"(The T-shirts) are done so they can be worn under their uniform," he said. "These have been sent to Iraq and Afghanistan," where, he explained, they are a piece of home for deployed Alaskan guardsmen who have frequented the ice cream store.
Owens said profits from the sale of the T-shirts and patches at his store will go to a family support group at Kulis.
The relationship Owens said he has with the men and women of Kulis Air National Guard Base transcends shirts and patches.
"It's kind of like the mutual admiration society," Owens joked. "They get to do a lot of things that I would have liked to have done, and we can provide support for them and their families. I think that's probably the most important thing that we can do -- let them know that people in the community appreciate them."
He said that most people don't understand the magnitude of Kulis or the jobs of the men and women who work there. As an informal liaison between the base and the community, Owens tries to highlight what's happening on base.
"If there's a retirement or promotion (and) when they had their big inspections last year -- they did very well -- then that kind of stuff shows up on the sign out (in front of the store)," he said. The store also provides ice cream for special events like picnics and kids' Christmas parties.
The store, its staff, and the guardsmen have become like family over the years, he said.
His support for the troops has grown over the years also. Today Owens serves as South Central area chairman for the Alaska Committee for Employer Support of the Guard and Reserve. He has even signed a statement of support under the national ESGR committee's 5-Star Employer Program. The statement declares, in writing, that an employer will adhere to the tenets of the federal law regulating treatment of guardsmen and reservists.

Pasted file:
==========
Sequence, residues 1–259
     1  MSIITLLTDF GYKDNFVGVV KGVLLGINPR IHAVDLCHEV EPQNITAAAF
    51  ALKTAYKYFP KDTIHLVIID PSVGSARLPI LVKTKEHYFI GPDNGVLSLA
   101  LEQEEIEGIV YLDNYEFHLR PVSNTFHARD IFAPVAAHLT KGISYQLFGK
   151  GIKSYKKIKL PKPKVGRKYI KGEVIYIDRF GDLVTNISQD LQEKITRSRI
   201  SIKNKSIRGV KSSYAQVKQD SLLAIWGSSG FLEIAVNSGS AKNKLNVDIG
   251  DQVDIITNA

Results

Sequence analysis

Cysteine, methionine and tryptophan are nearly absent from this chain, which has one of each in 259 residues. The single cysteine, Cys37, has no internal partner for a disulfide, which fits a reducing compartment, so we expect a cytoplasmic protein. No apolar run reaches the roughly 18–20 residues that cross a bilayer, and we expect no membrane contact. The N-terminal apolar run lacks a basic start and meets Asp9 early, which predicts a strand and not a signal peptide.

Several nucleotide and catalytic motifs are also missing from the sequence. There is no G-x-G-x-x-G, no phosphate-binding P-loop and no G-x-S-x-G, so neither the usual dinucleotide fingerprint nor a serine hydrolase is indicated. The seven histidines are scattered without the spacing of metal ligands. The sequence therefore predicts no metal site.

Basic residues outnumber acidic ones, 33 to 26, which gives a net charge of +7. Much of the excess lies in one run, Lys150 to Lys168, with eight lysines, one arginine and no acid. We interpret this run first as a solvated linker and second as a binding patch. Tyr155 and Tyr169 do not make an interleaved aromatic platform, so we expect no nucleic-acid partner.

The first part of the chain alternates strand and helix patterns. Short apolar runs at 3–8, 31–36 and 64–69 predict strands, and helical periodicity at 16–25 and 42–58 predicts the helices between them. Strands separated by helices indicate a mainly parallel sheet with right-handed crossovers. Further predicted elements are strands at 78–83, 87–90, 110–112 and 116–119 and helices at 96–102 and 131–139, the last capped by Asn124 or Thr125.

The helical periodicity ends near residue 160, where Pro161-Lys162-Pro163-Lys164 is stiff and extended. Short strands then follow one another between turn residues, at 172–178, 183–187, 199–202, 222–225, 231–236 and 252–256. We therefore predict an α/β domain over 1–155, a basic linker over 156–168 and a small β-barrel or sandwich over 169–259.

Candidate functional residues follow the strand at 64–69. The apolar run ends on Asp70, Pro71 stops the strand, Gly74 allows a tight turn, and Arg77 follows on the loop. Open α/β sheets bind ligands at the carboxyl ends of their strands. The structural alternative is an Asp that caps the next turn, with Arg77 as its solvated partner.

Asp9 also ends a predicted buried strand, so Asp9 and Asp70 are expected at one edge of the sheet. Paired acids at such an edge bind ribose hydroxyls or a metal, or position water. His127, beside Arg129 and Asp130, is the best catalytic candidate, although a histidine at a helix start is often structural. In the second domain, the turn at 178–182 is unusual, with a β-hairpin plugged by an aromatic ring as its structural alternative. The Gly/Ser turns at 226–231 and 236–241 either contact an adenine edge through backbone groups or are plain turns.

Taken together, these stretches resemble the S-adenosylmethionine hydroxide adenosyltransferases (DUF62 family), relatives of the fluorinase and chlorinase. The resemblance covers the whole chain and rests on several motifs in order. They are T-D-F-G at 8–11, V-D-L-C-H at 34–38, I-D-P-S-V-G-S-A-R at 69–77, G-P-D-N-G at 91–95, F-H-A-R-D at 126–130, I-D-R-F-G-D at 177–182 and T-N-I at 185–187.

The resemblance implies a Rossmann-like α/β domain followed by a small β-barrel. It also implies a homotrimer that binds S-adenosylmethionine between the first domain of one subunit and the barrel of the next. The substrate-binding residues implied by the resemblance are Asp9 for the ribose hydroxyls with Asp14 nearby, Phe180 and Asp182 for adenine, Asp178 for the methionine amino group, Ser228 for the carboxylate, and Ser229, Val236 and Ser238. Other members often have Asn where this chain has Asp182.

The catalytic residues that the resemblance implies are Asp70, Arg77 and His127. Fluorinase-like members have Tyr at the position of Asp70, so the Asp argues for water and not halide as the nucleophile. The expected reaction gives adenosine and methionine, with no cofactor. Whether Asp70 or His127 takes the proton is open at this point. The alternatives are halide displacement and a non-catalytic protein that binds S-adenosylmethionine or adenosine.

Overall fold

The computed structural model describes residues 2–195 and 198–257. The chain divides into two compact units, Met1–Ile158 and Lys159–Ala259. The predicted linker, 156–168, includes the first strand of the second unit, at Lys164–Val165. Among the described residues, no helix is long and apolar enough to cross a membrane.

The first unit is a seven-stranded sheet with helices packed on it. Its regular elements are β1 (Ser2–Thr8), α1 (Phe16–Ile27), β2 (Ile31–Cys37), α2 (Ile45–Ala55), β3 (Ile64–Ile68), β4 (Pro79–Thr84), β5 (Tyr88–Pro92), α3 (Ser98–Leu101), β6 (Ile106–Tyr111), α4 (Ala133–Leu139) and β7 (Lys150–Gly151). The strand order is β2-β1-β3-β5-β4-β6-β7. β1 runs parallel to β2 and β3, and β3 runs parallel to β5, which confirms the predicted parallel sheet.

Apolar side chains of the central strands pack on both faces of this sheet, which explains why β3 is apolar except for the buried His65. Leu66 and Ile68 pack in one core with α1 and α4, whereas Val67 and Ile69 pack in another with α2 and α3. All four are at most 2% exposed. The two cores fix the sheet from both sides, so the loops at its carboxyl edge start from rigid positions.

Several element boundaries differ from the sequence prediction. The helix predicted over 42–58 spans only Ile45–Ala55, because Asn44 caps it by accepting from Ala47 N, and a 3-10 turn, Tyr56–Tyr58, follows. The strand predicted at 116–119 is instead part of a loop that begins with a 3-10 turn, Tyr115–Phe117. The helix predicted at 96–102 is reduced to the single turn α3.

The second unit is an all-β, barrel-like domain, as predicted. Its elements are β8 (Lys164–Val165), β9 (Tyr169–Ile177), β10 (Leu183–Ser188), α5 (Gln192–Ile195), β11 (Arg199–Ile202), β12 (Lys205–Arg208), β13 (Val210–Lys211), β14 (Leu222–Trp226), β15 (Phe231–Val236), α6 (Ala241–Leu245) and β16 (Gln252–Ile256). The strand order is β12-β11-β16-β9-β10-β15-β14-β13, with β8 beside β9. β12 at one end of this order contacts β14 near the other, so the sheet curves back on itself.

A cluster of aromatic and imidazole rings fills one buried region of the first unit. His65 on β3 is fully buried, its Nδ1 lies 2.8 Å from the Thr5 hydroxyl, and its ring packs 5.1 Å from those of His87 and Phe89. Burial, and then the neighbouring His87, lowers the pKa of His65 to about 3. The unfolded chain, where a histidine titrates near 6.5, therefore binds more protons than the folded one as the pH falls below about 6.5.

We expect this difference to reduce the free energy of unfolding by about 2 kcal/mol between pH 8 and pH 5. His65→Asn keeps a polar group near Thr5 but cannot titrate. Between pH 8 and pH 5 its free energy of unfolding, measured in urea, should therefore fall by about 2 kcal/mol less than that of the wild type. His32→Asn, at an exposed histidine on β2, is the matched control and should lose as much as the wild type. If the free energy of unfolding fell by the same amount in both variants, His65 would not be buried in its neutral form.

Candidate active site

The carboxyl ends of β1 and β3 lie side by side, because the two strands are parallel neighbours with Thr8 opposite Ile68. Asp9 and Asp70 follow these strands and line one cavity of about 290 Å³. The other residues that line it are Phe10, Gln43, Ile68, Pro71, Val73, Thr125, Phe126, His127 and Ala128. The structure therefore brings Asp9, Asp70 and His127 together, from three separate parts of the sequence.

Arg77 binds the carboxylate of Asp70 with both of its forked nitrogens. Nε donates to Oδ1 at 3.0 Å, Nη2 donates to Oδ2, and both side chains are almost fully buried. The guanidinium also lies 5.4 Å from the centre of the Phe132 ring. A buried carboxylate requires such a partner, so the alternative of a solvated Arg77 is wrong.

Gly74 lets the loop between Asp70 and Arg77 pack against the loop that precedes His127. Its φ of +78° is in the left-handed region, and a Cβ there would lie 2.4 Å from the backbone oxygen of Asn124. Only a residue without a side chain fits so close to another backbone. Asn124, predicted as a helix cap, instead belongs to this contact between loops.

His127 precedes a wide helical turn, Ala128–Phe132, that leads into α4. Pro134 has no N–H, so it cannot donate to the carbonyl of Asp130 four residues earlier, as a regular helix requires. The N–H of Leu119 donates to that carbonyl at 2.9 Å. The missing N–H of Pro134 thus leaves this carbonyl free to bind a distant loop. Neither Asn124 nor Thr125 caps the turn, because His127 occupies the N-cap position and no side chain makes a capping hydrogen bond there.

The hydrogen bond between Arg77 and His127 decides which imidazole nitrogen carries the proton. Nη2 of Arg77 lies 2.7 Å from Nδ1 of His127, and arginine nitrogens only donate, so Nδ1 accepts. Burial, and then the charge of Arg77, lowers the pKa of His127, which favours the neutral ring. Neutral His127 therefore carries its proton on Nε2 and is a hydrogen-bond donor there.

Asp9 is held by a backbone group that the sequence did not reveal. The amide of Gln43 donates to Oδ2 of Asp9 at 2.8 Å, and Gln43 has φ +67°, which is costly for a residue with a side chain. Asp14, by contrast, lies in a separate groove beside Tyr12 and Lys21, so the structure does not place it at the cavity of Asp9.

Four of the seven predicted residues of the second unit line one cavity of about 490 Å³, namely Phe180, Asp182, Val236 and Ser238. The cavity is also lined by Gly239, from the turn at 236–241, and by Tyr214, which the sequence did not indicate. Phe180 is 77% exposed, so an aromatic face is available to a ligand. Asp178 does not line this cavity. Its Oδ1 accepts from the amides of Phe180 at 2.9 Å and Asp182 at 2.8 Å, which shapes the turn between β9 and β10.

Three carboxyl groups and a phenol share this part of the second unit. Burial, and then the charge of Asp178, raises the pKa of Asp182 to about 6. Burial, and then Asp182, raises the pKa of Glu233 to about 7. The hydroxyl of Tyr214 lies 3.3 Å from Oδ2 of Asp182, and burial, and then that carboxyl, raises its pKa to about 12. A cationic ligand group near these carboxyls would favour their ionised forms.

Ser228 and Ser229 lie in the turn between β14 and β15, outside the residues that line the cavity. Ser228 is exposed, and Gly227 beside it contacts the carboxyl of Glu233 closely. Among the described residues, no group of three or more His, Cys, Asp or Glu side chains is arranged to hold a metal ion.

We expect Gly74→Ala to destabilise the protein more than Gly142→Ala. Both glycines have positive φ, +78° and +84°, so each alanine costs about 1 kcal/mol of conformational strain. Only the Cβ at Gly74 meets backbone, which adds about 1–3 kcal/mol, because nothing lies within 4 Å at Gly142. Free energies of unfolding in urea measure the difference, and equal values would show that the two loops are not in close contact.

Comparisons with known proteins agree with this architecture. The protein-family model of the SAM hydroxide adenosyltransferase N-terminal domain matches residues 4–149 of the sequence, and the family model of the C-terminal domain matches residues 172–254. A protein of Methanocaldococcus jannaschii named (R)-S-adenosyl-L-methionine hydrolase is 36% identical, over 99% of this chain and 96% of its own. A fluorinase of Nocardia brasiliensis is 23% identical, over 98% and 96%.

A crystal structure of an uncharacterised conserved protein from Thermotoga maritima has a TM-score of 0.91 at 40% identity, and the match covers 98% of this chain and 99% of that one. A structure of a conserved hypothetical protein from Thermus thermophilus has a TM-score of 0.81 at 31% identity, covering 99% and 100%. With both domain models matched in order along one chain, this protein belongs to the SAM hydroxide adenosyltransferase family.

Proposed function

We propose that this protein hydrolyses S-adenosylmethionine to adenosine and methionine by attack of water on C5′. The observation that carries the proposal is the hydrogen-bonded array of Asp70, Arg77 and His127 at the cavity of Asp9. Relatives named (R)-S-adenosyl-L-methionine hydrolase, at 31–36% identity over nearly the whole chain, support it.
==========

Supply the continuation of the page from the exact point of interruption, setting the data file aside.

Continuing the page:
ESGR provides information on the rights of guardsmen and reservists and their employers when they are called to active duty. The organization also offers assistance in settling disputes between servicemembers and employers regarding those rights.
While Owens' support to the community remains strong, his store could lose its base. Kulis is on the base realignment and closure list recommending that it move across town to Elmendorf Air Force Base. President Bush sent the list to Congress Sept. 8 for final review.
Although many details have yet to be decided and worked out, Owens said Kulis' servicemembers have told him in jest that they would attach his Tastee Freez store to the list of essential services that would have to move with the base.
But such a move isn't necessarily in the cards, Owens said.
"I would generally say that one (store) is enough. It kind of depends on what happens," said he noted. "We kind of joke about it. We've grown so close that we kind of do view (the store) as more of an essential-service issue, and so we'll see what happens."
Whatever happens, the Tastee Freez Alaska National Guard Ice Cream Support Squadron will continue to provide its frozen support, Owens said.
"Even when they move across town, I don't think that will change," he said.